Since it was that one special day in all the year, we got to go upstairs for a peek, too.

Sadly, no photos are allowed inside, and since it was pouring rain I didn't trek around it all outside, so this one will have to suffice.

I have to admit that, having read all about how Laura designed and built the home just to suit a farm woman, and didn't like the house that Rose built, I was determined to be loyal to Laura and like that home better than the rock house.

Erroneous. False. Incorrect. Wrong.  

That little rock house is one of the neatest little houses I have ever seen! (And I'm a Realtor - I've seen a LOT of houses.) 

The outside is cute, but it's the inside that captured me. I love the doors especially - possibly the back "Dutch" door even more than that gorgeous front door. And the closet doors, too. Although they were built that way to be sturdy and not warp, I love the way they look. And how about all those little drawers! Yep, I've got some ideas for when hubby builds our next house! Too bad I couldn't take any pictures of them.

Charlotte Stewart was there. 

Because of the rain, there was a depressingly low turn out for the event - but that meant there was no line when I went to see her. We got to have a nice conversation while she signed my Beadle Bag again. (It was the same one from Walnut Grove. This time she added "Teachers Rule.") She is such a sweet person. And, I've mentioned before, I love the fact that she recycles materials to make the bags and she donates 10% to the Wellness Center for breast cancer (lots of cancer, including breast cancer, in my family). She is going to make my "Concordia Mom" t-shirt into a purse.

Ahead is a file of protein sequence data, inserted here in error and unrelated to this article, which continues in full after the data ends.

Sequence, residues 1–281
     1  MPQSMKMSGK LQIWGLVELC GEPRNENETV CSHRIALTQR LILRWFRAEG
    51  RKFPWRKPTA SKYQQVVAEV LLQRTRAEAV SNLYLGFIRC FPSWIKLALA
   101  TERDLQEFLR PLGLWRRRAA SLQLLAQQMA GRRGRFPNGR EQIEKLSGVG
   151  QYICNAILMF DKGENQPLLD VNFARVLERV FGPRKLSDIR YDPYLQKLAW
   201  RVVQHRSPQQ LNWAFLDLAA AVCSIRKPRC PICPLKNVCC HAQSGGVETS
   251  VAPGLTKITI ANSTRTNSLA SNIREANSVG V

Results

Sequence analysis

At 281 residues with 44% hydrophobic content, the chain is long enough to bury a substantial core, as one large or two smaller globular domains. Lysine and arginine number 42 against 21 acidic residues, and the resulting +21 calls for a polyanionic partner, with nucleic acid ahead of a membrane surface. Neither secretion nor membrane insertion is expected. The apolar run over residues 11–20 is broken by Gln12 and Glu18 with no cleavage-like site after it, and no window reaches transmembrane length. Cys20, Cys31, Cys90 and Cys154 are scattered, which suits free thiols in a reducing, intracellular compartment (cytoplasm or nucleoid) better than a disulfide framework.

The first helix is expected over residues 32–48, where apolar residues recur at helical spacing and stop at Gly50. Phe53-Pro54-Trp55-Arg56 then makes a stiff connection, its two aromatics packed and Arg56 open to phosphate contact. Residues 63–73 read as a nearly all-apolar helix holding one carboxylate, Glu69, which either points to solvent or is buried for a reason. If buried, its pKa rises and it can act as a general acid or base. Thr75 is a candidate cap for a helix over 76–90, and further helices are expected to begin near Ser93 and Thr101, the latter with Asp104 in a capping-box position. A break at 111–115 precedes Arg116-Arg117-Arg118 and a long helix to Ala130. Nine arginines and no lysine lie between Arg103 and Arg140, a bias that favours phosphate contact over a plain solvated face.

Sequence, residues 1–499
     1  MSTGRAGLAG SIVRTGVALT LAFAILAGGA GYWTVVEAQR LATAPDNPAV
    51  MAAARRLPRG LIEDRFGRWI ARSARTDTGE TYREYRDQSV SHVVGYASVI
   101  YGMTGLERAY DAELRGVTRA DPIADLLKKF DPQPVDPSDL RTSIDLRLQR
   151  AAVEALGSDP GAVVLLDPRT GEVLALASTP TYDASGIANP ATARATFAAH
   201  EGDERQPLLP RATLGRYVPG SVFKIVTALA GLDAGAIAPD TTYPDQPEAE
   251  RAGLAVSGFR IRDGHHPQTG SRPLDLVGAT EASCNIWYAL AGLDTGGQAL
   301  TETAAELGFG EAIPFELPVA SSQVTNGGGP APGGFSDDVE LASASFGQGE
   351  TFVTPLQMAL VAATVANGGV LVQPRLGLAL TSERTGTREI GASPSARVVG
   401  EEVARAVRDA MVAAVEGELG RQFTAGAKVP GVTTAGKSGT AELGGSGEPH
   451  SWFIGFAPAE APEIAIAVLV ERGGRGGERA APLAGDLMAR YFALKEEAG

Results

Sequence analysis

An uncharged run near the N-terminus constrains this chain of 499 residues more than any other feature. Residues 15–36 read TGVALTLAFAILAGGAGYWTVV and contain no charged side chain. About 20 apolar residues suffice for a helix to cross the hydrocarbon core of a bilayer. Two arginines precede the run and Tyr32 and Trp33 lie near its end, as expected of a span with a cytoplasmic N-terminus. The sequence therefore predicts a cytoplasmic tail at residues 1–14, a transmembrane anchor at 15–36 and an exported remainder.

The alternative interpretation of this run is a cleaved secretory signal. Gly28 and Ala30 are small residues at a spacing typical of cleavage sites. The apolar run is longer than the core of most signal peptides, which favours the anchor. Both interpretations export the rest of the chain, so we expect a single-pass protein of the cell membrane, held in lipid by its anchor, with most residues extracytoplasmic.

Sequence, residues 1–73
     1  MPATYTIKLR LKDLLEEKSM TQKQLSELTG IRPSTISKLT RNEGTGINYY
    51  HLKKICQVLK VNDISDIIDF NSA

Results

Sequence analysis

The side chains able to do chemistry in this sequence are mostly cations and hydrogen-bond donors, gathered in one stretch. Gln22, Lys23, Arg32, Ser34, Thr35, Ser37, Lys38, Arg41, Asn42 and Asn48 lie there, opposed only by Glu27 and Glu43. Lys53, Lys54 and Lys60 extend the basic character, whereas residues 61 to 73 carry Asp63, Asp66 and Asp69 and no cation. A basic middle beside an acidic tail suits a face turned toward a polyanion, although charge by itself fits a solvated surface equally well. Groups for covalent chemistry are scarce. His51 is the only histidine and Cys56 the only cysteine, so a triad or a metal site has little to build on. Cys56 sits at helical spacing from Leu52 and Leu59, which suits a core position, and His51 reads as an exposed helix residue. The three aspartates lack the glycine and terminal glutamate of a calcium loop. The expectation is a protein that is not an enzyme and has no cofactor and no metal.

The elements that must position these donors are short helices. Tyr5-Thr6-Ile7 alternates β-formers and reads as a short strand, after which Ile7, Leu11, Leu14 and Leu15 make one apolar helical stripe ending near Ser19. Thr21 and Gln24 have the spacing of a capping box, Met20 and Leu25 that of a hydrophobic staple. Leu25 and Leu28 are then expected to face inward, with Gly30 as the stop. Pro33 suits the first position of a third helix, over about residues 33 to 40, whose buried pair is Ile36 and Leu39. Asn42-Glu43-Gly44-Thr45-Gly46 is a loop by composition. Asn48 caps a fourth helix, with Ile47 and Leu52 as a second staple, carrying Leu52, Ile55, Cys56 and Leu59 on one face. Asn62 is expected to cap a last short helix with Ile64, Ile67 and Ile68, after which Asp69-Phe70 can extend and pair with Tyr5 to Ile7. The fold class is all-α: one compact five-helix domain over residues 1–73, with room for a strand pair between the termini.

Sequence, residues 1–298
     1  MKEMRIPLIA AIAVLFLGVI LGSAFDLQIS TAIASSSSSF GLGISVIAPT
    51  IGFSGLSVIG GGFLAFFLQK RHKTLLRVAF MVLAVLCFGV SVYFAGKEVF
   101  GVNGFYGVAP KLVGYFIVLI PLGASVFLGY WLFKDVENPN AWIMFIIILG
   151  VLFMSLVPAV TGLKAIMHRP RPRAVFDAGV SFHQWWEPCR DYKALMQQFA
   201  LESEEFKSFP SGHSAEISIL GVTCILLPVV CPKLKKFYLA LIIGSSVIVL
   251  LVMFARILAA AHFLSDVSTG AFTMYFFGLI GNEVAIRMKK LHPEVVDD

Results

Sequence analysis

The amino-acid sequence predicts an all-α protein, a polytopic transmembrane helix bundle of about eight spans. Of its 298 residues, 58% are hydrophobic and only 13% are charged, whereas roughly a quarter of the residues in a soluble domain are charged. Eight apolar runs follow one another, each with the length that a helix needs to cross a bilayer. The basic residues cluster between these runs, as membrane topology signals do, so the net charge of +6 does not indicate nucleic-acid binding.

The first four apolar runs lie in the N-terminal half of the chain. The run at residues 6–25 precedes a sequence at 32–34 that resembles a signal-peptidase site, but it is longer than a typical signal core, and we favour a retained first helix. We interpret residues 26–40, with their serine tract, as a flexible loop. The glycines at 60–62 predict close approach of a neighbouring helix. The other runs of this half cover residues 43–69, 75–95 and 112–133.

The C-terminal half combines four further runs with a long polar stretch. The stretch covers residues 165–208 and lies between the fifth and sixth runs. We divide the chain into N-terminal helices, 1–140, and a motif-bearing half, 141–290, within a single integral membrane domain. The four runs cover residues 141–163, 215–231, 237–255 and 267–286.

Bill Anderson was also there. I think I made him mad. He was taking photos in the museum (where normally no photos are allowed), and I said to him, "We peons couldn't get away with that." I was just teasing, but I don't think he knew that, and he was quick to explain, rather irritatedly (is that a word?), that it was for the newsletter. Sorry, Bill!

And I heard rumors of Cheryl Harness but never saw her. I don't know whether she wasn't able to make it or I just never found her.

There was supposed to be a parade, but it got cancelled on account of the rain.

So we headed over to Laura'sSweet Memories to look around while we waited for Marie's  presentation.
Jim has the neatest shop. It is located in the oldest home in Mansfield - one that Laura visited many times for one of her ladies' clubs. Jim has collected many mementos and souvenirs of Laura and her family and the town and its history. We spent quite a while looking at it all. We also got a chance to visit with Freda, a cousin of Almanzo. She has quite an interesting history herself, and she's so sweet.

And then, of course, there are all the goodies! Yummy!  

But the highlight on this special day was that Laura Ingalls Wilder visited and shared some of her sweet memories! 

Marie Tschop of All Things Laura Ingalls Wilder did an absolutely splendid presentation. 
I was enthralled, even though of course I knew all the stories she was telling. She has a real talent for drawing in the audience. The children were completely entranced, and even the men in attendance were spellbound! 

After that it was time to head back to the big city. We never even went to the square, so I don't know what goes on there. There wasn't anything much this day due to the weather.

All in all, it was a great day for those who went to Mansfield, despite the rain. We got to see the home Laura and Almanzo designed and built, the rock house, and the museum; hear Pa's fiddle and the organ (and a dulcimer - I forgot about that!); even see some celebrities. And how neat is it that I got to see my friend "Laura" appear with a cousin of Almanzo and a cousin of Laura in a home that Laura really visited?